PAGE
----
After Shock: A Community Rallies in Napa Valley

Posted by | Posted in White's Wines | Posted on 09-02-2014

Credit: Vintner's Collective .

Credit: Vintner’s Collective .

As regular readers know, I write a free, twice monthly wine column that’s distributed to newspapers across the country.

These columns are hosted by Grape Collective. If you don’t see my column in your local newspaper, please send an email to your paper’s editor and CC me (David – at – Terroirist.com).

In my latest column, I share post-earthquake stories from Napa Valley. While people associate the community with expensive wines and Michelin-starred restaurants, Napa is a working-class community at heart. And across the Valley, people rallied to help those in need.

After Shock: A Community Rallies in Napa Valley

John Trinidad, a wine industry attorney who lives on Main Street in Napa, was cleaning up from a party when his home started shaking.

“At first, I thought it was a little roller,” he explained. “But then, it got pretty violent, with full-on shaking. I had already braced myself, so just kind of rode it out — but heard a lot of things crashing around me. After the shaking stopped, I looked around and yep, a lot had come out of the cupboard — broken glass, broken plates, lots of things on the ground.”

The 6.0 magnitude earthquake that struck southern Napa County on August 24 was the strongest California had experienced in 25 years.

The media quickly turned its attention to wine — and the economic impact of the quake. Although Napa Valley accounts for less than 4 percent of America’s total wine production, it’s the country’s best-known wine region. And it’s a big moneymaker. The region’s wine industry has an economic impact of $50 billion annually.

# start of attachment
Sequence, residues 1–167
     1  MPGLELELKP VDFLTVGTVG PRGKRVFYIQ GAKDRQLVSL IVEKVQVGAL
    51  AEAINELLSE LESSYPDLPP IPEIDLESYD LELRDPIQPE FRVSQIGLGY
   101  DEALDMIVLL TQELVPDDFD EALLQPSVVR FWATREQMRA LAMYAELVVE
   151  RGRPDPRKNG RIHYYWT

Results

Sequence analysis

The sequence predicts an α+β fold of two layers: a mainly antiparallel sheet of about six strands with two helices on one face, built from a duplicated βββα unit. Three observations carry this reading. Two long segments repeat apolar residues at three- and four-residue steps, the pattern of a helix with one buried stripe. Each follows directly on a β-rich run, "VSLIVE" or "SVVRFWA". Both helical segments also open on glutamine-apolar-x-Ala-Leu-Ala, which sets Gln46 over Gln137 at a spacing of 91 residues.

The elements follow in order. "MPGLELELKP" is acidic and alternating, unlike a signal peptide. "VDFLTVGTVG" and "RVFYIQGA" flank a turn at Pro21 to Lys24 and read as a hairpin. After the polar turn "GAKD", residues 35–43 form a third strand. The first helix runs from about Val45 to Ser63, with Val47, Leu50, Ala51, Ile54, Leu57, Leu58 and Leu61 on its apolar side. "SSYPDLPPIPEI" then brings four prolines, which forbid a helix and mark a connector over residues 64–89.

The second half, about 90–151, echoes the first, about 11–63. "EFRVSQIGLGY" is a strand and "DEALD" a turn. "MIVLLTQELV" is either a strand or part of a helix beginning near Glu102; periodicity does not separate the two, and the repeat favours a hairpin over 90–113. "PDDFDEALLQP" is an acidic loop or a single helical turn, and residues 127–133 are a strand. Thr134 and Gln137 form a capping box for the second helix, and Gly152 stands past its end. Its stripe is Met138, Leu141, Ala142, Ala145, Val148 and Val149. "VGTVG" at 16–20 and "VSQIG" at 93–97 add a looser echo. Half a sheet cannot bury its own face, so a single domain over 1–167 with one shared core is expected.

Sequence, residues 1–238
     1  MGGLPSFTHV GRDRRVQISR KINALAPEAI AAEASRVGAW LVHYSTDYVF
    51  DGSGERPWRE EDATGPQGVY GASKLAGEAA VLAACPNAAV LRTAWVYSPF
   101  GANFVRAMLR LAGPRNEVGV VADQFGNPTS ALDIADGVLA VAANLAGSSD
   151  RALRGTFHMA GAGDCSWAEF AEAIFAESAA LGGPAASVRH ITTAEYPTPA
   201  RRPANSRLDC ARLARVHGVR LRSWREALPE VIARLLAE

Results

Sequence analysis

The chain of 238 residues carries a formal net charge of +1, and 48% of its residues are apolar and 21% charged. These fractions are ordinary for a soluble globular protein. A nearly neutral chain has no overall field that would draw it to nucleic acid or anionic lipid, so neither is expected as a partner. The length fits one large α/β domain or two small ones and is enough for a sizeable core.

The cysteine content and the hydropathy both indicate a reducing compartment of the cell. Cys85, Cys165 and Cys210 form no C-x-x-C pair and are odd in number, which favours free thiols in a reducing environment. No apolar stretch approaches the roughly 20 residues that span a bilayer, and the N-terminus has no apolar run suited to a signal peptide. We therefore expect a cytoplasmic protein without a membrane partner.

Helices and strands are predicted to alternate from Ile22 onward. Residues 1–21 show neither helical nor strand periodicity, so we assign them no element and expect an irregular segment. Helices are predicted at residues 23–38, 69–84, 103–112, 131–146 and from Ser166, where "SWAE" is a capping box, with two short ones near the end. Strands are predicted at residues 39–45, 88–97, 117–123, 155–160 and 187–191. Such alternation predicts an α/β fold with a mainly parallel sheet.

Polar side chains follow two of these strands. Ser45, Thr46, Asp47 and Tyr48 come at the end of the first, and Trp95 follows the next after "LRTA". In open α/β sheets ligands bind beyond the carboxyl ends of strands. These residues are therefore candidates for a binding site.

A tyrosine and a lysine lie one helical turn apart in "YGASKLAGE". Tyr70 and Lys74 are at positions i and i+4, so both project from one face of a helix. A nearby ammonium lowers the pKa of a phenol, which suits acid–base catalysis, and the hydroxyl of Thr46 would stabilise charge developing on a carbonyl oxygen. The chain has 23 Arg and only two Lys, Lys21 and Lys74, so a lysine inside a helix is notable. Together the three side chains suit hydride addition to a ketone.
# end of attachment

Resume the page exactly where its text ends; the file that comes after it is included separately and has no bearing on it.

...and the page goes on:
At its heart, though, Napa Valley is a working-class, farming community. And in the wake of the earthquake, brand Napa Valley — $300 “cult” Cabernets, Michelin-starred restaurants, and the like — was overshadowed by kinship and kindness.

Check out the rest of the piece on Grape Collective!

Daily Wine News: #QuakeCuvee

Posted by | Posted in Wine News | Posted on 09-02-2014

REdTaggedCuveeIn an effort to assist the Napa community, the Matthiassons are releasing a “Quake Cuvée” to benefit the Napa Valley Community Disaster Relief Fund. Get some!

In Huffington Post, Mary Orlin details “How You Can Help Keep #NapaStrong.”

“Although tasting rooms up and down the valley are open, tens of thousands of cracked and broken wine barrels are still being plucked from winery rubble a week after the earthquake.” In the San Francisco Chronicle, Peter Fimrite discovers that small wineries were hardest hit by the recent Earthquake.

“Napa Valley’s seismically reinforced winery buildings generally held up to the largest earthquake to hit Northern California in a quarter-century, but the precious wine piled inside often did not.” The Associated Press looks at the safety of stacking wine barrels so high.

“A quarter-century on the wine road, yet here was a completely new grape variety to me, wriggling and flexing with personality like some freshly landed fish.” Andrew Jefford discovers new reasons to love wine.

“There were disappointments (boring selections, overpriced bottles, undereducated staff), but there were a number of happy surprises as well.” Lettie Teague visits some of the country’s more popular chain restaurants.

“In the winemaker letter, humbly offering us an exclusive $1,200 allocation (the honor!), there are no technical mentions. Nothing about harvest process. No mention of brix or tannins. And no discussion of aging, barrel types, etc.” Richard Stark is invited to purchase Promontory.

On Forbes.com, Nicole Schnitzler chats with Gotham Bar and Grill wine director Heidi Turzyn.

Lars Carlberg examines new wine-labeling regulations in Rhineland-Palatinate.

Daily Wine News: State of Wine

Posted by | Posted in Wine News | Posted on 08-29-2014

USAOn NPR, Jon Bonné, Antonio Galloni, Mike Veseth, and Drew Bledsoe chat about “The State of America’s Wine Industry.”